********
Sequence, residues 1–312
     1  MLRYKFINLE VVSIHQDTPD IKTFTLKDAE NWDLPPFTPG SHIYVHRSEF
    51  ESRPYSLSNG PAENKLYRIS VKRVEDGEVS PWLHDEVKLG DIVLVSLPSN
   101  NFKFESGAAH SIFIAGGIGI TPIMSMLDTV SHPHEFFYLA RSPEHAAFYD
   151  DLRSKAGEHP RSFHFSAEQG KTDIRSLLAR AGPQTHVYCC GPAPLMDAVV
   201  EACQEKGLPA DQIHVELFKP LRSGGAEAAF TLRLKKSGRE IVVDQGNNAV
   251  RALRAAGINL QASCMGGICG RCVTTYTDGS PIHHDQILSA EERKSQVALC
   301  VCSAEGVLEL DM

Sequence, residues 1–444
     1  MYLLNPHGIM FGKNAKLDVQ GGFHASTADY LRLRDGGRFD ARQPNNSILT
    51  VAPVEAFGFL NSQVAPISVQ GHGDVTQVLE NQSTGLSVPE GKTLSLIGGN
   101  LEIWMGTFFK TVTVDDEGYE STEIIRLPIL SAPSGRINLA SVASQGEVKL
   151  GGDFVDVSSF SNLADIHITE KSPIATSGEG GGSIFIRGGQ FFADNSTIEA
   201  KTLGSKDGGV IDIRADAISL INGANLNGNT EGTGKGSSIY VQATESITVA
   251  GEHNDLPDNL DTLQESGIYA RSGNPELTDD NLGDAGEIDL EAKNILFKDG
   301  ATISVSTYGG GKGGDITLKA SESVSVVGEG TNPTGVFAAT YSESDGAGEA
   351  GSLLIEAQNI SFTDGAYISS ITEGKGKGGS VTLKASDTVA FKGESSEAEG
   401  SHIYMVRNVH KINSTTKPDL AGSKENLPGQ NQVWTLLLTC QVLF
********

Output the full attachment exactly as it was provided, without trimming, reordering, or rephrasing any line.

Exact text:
Sequence, residues 1–312
     1  MLRYKFINLE VVSIHQDTPD IKTFTLKDAE NWDLPPFTPG SHIYVHRSEF
    51  ESRPYSLSNG PAENKLYRIS VKRVEDGEVS PWLHDEVKLG DIVLVSLPSN
   101  NFKFESGAAH SIFIAGGIGI TPIMSMLDTV SHPHEFFYLA RSPEHAAFYD
   151  DLRSKAGEHP RSFHFSAEQG KTDIRSLLAR AGPQTHVYCC GPAPLMDAVV
   201  EACQEKGLPA DQIHVELFKP LRSGGAEAAF TLRLKKSGRE IVVDQGNNAV
   251  RALRAAGINL QASCMGGICG RCVTTYTDGS PIHHDQILSA EERKSQVALC
   301  VCSAEGVLEL DM

Sequence, residues 1–444
     1  MYLLNPHGIM FGKNAKLDVQ GGFHASTADY LRLRDGGRFD ARQPNNSILT
    51  VAPVEAFGFL NSQVAPISVQ GHGDVTQVLE NQSTGLSVPE GKTLSLIGGN
   101  LEIWMGTFFK TVTVDDEGYE STEIIRLPIL SAPSGRINLA SVASQGEVKL
   151  GGDFVDVSSF SNLADIHITE KSPIATSGEG GGSIFIRGGQ FFADNSTIEA
   201  KTLGSKDGGV IDIRADAISL INGANLNGNT EGTGKGSSIY VQATESITVA
   251  GEHNDLPDNL DTLQESGIYA RSGNPELTDD NLGDAGEIDL EAKNILFKDG
   301  ATISVSTYGG GKGGDITLKA SESVSVVGEG TNPTGVFAAT YSESDGAGEA
   351  GSLLIEAQNI SFTDGAYISS ITEGKGKGGS VTLKASDTVA FKGESSEAEG
   401  SHIYMVRNVH KINSTTKPDL AGSKENLPGQ NQVWTLLLTC QVLF